Are Cars the New Warhols? Inside the Turbo-Charged Market for Collectible Autos

1960 Ferrari 250 GT SWB Berlinetta Competizione at RM Auctions in Arizona
(Eugene Robertson © 2013 courtesy RM Auctions)

Those paying attention to the classic car auctions in Scottsdale, Arizona last weekend noticed that sales weren't just good, they were dramatically better than 2012 (which was, for the record, quite a bit better than 2011).  The classic car market is growing quickly — perhaps even more quickly than contemporary art — particularly at the very high end.

The Scottsdale auctions, across six auction houses, sold a whopping $223 million in cars last week, up 21 percent from last year's $187 million, which puts the major car auctioneers in a good position going into 2013. "The Arizona events are really a barometer for the year," Alain Squindo, of RM Auctions, told ARTINFO.

 

Classic car demand is poised to grow even more, according a 2012 report by Barclays wealth and investment management division. In "Profit or Pleasure: Exploring the Motivations Behind Treasure Trends," the bank looked critically at the market for a number of different treasures such as art, wine, jewelry, and cars, and asked high net-worth individuals about their collecting habits. The report contains a number of interesting insights into the car market, which suggest the confidence the auction houses are reporting in high-end vintage sports cars isn't just clever marketing.

The report asked respondents what they had owned in the past, what they owned now, and what they didn't yet own but planned to acquire in the future. Of the ten different types of treasure assets, only two will be more popular in the future than they are today: cars and sculpture (attention: artists). Only 19 percent of respondents owned classic cars currently, but according to the survey, 22 percent plan to own them in the future (compare that to 49 percent and 44 percent, respectively, for fine art).

Cars, furthermore, tend to be the most expensive tangible treasure asset. Among those who own classic cars, the average collection is worth 7 percent of the individual's total net worth (compared to 5 percent for jewelry, 4 percent for fine art, and 2 percent for wine). At the Scottsdale auctions, the most expensive cars sold for just above $8 million. While that might not compare to the $120 million paid for Edvard Munch's "The Scream," the market for cars is somewhat smaller than that for art, so there is less of a range in sale prices.

The question that arises is then, are prices rising because more and more collectors are wanting to buy cars as an investment? That part is unclear, and the answer that does exist is a vague sort of. According to the report, more than twice as many people said they owned cars purely as an investment than owned art (24 percent versus 11 percent for art); however, those in the auto auctioneers industry say they are not seeing a lot of purchasing for investment purposes in terms of buying a car and dumping it in a storage unit. Although many do consider their cars an asset, they also think they are fun.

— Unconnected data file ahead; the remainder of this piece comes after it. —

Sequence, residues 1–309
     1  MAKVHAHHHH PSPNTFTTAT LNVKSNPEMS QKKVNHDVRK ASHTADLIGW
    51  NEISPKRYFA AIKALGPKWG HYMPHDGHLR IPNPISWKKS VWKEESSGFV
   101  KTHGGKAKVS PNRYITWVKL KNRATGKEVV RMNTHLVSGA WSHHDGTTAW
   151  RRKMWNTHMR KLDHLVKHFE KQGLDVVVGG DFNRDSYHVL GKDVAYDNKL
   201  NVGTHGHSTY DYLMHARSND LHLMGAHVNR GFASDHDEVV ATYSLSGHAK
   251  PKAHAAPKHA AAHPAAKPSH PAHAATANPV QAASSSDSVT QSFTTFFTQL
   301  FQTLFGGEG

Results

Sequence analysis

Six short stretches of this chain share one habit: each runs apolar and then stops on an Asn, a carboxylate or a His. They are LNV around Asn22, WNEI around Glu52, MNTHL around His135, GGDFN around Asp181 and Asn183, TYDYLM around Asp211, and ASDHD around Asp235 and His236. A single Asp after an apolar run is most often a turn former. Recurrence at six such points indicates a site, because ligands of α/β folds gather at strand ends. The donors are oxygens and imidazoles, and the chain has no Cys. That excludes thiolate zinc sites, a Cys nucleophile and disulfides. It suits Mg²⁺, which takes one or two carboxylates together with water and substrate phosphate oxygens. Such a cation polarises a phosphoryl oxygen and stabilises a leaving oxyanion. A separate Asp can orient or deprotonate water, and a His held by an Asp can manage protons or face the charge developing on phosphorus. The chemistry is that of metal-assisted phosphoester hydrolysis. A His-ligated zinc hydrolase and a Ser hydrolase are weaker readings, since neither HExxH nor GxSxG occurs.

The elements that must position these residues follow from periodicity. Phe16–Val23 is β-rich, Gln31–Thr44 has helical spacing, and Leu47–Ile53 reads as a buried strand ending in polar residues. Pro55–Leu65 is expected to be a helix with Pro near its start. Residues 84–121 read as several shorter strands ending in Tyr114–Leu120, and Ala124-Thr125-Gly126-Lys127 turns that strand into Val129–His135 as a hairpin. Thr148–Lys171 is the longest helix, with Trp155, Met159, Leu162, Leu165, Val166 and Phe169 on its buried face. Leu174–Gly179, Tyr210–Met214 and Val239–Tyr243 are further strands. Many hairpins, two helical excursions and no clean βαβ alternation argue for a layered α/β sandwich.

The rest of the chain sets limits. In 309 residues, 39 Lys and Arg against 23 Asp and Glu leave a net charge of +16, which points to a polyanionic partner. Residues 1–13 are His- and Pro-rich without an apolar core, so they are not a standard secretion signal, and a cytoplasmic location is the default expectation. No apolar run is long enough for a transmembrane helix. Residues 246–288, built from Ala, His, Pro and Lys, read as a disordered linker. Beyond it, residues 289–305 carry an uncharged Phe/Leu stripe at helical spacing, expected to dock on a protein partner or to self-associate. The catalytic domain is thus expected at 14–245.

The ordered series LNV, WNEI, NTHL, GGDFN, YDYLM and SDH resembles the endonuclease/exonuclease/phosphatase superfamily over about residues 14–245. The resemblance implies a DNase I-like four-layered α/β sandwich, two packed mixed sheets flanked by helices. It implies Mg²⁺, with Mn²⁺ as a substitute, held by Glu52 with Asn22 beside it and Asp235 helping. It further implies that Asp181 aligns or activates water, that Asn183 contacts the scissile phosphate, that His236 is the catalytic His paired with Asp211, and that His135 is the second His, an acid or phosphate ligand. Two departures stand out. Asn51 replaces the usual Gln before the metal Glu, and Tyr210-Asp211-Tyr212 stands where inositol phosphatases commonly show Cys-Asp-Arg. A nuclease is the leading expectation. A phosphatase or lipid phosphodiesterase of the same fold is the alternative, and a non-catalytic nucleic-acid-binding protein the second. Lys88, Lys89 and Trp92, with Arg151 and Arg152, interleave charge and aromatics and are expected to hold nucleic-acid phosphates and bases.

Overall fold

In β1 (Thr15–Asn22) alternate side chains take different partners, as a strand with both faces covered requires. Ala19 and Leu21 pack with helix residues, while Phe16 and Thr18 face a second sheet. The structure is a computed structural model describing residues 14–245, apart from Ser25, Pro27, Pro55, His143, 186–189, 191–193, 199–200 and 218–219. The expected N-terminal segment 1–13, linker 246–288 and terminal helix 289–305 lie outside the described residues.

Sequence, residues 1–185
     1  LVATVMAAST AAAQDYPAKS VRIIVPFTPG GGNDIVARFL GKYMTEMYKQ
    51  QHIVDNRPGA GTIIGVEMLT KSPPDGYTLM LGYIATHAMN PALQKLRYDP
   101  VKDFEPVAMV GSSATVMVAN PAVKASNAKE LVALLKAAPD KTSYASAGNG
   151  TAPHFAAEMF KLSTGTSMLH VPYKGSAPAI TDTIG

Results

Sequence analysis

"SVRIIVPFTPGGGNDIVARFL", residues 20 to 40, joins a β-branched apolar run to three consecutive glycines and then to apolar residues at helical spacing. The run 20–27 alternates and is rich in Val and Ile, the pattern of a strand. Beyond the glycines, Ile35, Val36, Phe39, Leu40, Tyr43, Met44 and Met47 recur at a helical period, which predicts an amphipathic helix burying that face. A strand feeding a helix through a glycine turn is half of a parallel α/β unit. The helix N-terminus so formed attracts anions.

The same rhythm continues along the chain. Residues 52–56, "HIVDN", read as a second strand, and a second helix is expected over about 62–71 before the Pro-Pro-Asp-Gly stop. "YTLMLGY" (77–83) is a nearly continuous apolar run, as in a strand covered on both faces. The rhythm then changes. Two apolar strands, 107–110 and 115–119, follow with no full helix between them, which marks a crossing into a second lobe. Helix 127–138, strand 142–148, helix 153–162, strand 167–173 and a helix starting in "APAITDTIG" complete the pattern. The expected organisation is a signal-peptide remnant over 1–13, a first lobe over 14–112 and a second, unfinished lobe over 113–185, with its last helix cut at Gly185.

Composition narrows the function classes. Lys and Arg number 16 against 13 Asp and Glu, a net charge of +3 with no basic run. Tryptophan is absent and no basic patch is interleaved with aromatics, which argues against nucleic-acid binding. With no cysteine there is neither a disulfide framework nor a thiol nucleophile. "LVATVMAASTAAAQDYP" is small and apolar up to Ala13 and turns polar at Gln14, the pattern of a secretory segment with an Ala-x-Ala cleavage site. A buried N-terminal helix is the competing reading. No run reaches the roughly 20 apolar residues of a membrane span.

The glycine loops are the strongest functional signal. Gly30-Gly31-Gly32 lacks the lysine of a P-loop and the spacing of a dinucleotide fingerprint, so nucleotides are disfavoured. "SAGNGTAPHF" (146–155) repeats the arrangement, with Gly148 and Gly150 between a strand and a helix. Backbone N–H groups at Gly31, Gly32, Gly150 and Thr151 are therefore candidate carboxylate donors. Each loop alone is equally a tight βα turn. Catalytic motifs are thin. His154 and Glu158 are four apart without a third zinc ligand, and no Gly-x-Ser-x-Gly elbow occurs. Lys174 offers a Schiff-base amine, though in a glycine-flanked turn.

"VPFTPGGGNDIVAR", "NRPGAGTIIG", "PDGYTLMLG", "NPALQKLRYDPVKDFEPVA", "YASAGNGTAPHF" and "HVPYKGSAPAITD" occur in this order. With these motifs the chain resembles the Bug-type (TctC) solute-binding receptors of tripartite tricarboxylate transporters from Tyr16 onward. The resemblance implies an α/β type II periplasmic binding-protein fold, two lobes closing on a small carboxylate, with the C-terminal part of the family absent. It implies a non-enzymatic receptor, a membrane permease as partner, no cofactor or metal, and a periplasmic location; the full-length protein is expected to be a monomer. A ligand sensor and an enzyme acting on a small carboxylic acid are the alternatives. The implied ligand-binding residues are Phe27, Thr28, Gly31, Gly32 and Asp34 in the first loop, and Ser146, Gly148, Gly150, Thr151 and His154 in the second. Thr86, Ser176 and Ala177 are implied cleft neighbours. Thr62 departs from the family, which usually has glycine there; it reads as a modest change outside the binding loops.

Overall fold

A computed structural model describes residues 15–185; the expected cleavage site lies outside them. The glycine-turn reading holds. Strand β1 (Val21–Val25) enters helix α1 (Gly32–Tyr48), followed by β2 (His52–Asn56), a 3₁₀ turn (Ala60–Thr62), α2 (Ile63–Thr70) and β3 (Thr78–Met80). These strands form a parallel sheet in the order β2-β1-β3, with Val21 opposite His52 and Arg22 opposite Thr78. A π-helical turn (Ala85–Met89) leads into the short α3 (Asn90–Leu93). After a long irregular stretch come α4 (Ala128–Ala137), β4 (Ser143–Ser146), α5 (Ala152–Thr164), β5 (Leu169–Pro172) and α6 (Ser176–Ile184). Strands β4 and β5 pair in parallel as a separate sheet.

"There is so much confidence in the car market as a place to collect — I don't like to use the word invest, but the cars have proven to be good investments — but most people buy them because they want to use them, drive them, and show them or vintage-race them," said David Gooding, the president of Gooding & Co. auction house, based in Santa Monica, California. He added that the fact remains that interest rates are so low, hard assets are very attractive for anyone with a lot of cash.

There are a number of caveats for the would-be collector. Cars, even more than art, are expensive to maintain. Not only do they require the same sorts of insurance and general maintenance costs as high-end art, but they also require interaction. You can't leave a car in a storage unit and wait for it to appreciate the way that you can wine, or, to some extent, fine art. Thus, car investors are even more likely than other treasure asset seekers to also be car lovers.

There is also a geographical bias. According to the report, you are more likely to buy a tangible asset like a car as an investment vehicle if you live in a place where the economy isn't as stable as it is in the United States. Treasure assets based on purely financial motivations are common in places like Qatar, Saudi Arabia, and India. However, the majority of car collectors are stateside. "It is primarily an American driven market and it has been for the last 15 years, possibly more," said Gooding, adding that 75 to 90 percent of his clients are American.

Still, whether trends are driven by passion or investment might just be a rhetorical response to the current market — the behavioral finance answer to the passion or investment question is: If the car appreciates, it was an investment. If it doesn't, it was a collector's item. "If prices are rising, they [the buyers] will be happy to think of collectibles as an investment but, if they are falling, they are more likely to say that they bought something because they like it," notes Rachel Pownall, an associate professor of finance at Tilburg University in the Netherlands, in the Barclays report.

Currently, prices are rising, and quickly — so car lovers should buckle up.